- Know your dog’s limits – Keep an eye on your dog as you hike for any signs of discomfort so that you can take a break and help avoid your pooch from suffering from heat exhaustion or general aches and pains.
- Keep them cool – Head out hiking during the cooler times of day, avoiding the midday sun and make sure to take breaks in shaded areas to allow your dog time to cool down.
- Teach them basic cues – It’s important to know that your dog will listen to you while hiking, otherwise they might injure themselves or cause an accident. If they’re unable to follow basic cues or come when called, it might be best to keep them on the lead to ease them into the new way of walking.
- Beware of any hazards – If you are walking along the coastline or hiking up hills, keep your dog close to you so that they don’t put themselves (and you!) in danger or get hurt as they explore the new environment.
- Pack a first aid kit – Make sure you or your dog can carry a first aid kit, so that you can provide the proper care if your dog was to hurt itself while hiking.
- Take the right supplies – You will need to bring enough water for you and your dog, treats to reward good behaviour and poo bags to clean up after your pooch. This will help keep the environment clean and you, your dog and others around you happy and healthy.
Things to check for after your hike:
- Ears – check your dog’s ears for any grass seeds or other debris caught in their fur.
- Eyes – looking at your dog’s eyes will allow you to check for any scratches or grass seeds.
- Pads – a dog’s paw pads are susceptible to things that can go unnoticed like, wounds, cracks, inflammation, or ticks.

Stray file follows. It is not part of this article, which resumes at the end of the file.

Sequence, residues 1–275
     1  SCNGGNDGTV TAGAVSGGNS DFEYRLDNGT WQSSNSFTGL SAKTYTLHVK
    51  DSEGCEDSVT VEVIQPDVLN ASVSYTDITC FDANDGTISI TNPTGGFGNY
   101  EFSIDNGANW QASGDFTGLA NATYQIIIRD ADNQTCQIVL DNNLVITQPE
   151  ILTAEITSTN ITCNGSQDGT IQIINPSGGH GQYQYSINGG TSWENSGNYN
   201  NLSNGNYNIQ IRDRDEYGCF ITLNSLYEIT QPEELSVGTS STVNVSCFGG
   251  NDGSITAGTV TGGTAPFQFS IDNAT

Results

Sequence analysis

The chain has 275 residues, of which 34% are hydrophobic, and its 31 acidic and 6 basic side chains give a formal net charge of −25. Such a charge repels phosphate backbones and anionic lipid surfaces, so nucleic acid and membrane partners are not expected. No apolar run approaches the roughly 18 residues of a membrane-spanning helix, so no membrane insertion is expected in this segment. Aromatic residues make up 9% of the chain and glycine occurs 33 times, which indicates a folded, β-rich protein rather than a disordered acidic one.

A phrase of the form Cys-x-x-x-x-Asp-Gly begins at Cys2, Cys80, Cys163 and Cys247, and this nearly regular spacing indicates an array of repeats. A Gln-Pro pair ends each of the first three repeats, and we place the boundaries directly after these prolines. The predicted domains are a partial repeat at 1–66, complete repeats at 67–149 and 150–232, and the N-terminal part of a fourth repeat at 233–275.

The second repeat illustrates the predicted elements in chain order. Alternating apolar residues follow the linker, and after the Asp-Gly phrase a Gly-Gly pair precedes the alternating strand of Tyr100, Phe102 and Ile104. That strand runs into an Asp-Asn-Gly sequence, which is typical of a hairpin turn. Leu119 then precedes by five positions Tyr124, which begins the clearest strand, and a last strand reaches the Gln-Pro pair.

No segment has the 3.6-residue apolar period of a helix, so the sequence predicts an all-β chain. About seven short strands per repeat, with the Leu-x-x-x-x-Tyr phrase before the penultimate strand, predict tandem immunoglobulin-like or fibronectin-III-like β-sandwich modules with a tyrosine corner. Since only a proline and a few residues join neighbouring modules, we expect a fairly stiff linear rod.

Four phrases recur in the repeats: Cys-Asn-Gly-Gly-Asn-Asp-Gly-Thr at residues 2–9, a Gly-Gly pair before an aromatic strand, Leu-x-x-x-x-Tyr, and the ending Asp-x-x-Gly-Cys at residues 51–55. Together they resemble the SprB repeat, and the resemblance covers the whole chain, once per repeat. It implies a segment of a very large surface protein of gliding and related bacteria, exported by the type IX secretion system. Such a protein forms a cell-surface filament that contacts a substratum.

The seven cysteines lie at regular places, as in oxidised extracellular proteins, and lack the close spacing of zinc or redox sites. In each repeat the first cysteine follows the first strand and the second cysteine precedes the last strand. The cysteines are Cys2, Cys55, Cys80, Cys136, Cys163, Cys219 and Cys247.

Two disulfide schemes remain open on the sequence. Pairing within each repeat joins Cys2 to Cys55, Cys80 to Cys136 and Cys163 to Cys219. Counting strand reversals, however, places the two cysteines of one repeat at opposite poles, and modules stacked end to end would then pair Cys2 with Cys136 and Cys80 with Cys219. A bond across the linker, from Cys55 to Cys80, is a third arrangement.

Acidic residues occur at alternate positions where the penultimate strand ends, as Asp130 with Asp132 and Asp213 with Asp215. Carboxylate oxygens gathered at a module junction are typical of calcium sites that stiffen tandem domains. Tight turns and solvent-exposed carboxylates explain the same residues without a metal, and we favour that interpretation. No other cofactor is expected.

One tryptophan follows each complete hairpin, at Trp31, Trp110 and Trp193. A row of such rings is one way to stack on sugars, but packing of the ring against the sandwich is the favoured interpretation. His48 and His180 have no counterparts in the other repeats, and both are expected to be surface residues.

- Body – checking over your dog’s body will help you spot and remove any debris, ticks or seeds.
- Mouth – have a look at your dog’s muzzle, in their mouth and on their gums to check for any abrasions.
Riding a bike with your dog can be an incredibly fun and rewarding activity as long as you consider certain health and safety issues.
- Properly condition your dog – If you’re planning on having your dog run alongside your bike, consider their fitness level, breed, experience and temperament and age before heading out on your ride. Making sure you take all of these into consideration can help to avoid injuries and accidents. If you don’t think your dog is capable of keeping up, you can always work up to the longer bike rides by taking them on shorter ones at home.
- Consider your terrain – Choose your terrain and exercise location safely, especially when using a bike lead attachment and having your dog run alongside you. Possible distractions and unexpected events around you could cause your dog to react instinctively, which might result in an accident.
- Always wear a helmet – Making sure you have taken the necessary precautions to stay safe and be able to tend to your dog if you were involved in an accident.
- Consider other ways they can join in – If your dog isn’t able to run alongside your bike why not use a trailer or basket so that they are not left out.
- Take a first aid kit – Pack an appropriate first aid kit for any injuries that might arise from cycling with your dog such as logged grass seeds, cut paws or strains.
- Take the right supplies – You will need to bring enough water for you and your dog and possible another lead attachment in case the first one breaks as you cycle.
What to pack in your first aid kit
Here is a list of things you’ll need to pack in your first aid kit, depending on the injury you are most likely to encounter while partaking in activities with your dog.
- Bandages for cuts
- Dressings to apply pressure on wounds
- Surgical tape to secure the bandage
- Eyewash in case their eye needs to be flushed
- Antibacterial wound cleaner to help disinfect any wounds
- Tick remover to remove any unwanted pests on hikes
- Thermal blanket to keep your dog warm
It’s also useful to have the Joii Pet Care app downloaded to your mobile device in the event of an emergency while you are out and about and cannot quickly get to a veterinary practice.
This information was provided by Dog First Aid Training. Dog First Aid Training provide CPD accredited, vet-approved emergency canine care training to dog owners and people who work with dogs. To find a class near you please go to www.dog-first-aid.com or call 0800 999 6632.